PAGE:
They set up house together and a year later my sister Cindy was born, Dad's first child.  Two more sisters were to follow. So Mother and I went from just the two of us to me having a wonderful step-dad and 3 beautiful half sisters. We never thought of each other as step or half of anything. We were sisters and Dad was my Dad.  Until Mother would remind me that I was not really a part of that family.  That was the ONLY time it ever came up. If you missed "For The Love Of A Mother" written on Mother's Day, then any negative references to my Mother can be explained in that story. But, this writing isn't about my Mother, it's about my Dad.

A man of quiet strength is the best way to describe him.  Shy and wary until he got to know you a bit. He was focused and determined, hardworking and loyal.  To me he was the best thing that ever happened in my life. 

When as a child if I fell and scraped a knee he'd always laugh.  Not in a cruel way but it was his way of telling me to be tough and strong and also to try and make me stop crying. It would always end with me half crying and half laughing with a runny nose pleading for him to stop.

When a boyfriend broke my heart he'd see me crying and offer to punch them in the nose. Again, I'd end up in half tears and half laughing at the vision of him pounding the pavement looking for a boy to knock out.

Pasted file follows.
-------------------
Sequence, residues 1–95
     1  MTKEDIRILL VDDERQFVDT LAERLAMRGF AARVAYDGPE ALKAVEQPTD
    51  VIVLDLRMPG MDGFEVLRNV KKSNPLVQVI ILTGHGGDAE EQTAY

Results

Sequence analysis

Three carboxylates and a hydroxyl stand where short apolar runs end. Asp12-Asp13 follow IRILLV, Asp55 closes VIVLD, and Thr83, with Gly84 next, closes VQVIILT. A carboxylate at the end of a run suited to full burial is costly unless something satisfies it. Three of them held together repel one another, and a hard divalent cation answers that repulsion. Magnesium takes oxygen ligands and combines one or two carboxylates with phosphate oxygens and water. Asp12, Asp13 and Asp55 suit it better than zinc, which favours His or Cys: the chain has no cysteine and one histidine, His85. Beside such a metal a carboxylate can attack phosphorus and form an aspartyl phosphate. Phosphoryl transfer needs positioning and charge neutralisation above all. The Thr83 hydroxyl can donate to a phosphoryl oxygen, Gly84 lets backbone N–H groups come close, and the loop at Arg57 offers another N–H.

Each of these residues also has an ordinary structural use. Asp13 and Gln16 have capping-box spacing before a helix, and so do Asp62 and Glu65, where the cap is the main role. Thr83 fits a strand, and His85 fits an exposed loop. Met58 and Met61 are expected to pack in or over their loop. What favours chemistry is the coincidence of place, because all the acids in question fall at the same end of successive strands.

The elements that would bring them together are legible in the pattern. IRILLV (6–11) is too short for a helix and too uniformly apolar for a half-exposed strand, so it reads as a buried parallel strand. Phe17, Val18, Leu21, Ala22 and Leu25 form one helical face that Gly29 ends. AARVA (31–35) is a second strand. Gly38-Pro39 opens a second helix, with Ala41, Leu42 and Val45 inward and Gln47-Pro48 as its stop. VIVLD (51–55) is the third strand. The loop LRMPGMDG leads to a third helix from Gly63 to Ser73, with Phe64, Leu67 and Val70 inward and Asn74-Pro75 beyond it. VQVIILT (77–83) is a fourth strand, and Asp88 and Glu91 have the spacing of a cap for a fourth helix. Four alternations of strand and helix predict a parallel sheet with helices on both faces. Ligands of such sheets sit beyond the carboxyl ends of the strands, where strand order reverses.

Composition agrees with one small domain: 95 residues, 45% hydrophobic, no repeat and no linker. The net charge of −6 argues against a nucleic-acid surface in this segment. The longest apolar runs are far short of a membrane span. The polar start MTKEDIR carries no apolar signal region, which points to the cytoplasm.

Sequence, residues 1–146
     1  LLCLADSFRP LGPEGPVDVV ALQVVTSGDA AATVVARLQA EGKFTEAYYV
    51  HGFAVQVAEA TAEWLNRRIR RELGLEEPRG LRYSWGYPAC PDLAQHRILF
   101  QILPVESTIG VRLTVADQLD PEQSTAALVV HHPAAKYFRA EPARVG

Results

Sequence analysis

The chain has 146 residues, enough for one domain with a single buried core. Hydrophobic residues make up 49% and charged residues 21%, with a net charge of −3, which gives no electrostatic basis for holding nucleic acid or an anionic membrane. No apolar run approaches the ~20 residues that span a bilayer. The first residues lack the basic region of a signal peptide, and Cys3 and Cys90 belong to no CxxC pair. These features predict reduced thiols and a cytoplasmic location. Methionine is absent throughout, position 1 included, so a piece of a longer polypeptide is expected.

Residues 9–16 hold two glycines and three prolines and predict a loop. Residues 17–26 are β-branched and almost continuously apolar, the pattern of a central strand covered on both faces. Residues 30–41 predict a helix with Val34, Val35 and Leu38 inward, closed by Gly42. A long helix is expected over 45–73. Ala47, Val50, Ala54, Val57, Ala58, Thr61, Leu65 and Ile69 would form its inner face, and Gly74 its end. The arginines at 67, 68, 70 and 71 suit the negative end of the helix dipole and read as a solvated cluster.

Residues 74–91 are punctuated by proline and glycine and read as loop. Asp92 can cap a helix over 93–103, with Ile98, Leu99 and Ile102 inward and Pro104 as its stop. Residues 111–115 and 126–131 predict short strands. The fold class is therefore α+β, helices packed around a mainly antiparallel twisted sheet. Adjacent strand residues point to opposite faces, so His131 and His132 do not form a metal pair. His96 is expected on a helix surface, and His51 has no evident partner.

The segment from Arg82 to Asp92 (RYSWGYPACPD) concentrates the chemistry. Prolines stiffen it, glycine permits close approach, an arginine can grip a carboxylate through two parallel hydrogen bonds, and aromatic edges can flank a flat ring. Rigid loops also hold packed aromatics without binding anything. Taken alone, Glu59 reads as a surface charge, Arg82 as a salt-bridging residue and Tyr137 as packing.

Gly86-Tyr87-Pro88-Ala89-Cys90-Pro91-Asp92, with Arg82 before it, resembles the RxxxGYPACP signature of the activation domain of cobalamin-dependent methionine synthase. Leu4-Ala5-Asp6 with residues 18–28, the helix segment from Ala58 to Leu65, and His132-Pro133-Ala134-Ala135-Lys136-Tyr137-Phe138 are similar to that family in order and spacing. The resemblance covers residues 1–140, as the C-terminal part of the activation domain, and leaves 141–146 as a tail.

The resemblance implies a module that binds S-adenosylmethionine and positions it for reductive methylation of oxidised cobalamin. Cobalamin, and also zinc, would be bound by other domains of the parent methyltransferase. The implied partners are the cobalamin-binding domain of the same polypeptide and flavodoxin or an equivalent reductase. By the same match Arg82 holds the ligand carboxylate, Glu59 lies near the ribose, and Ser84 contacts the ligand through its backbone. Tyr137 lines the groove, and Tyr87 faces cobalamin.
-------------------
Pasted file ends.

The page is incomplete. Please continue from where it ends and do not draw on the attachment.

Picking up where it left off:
Another time he did go after a young man for shooting me with a dart rifle. It was all in fun and I wasn't an actual target of violence.  The boy was a friend who was with another friend and seen a bunch of us girls hanging out on a neighbourhood street corner - they decided to show off. It was a cool, fall evening and I was wearing a red woolen jacket. I was 14 years old and fully developed and I was always being teased by the boys. Well, my friend with the dart gun decided he wanted to see if he could 'hit one' from about 100 yards. I didn't take him seriously and stood there telling him he couldn't hit the broad side of a barn from 2 feet away. Well, he missed, sort of. The dart hit the inside of my left arm which I didn't even realize until later, when at home removing my coat my Dad noticed something on my arm.  The wound was a huge round bruise with a good sized hole in the middle of it.  Before I knew what was happening he was out the door dragging me behind him up the street to confront the boys and their parents.  The boy who actually did the damage got off scott free as his father always protected him, even from things like this.  His accomplice didn't fare as well and was given a ban from hanging with the other boy ever again and given a two week grounding.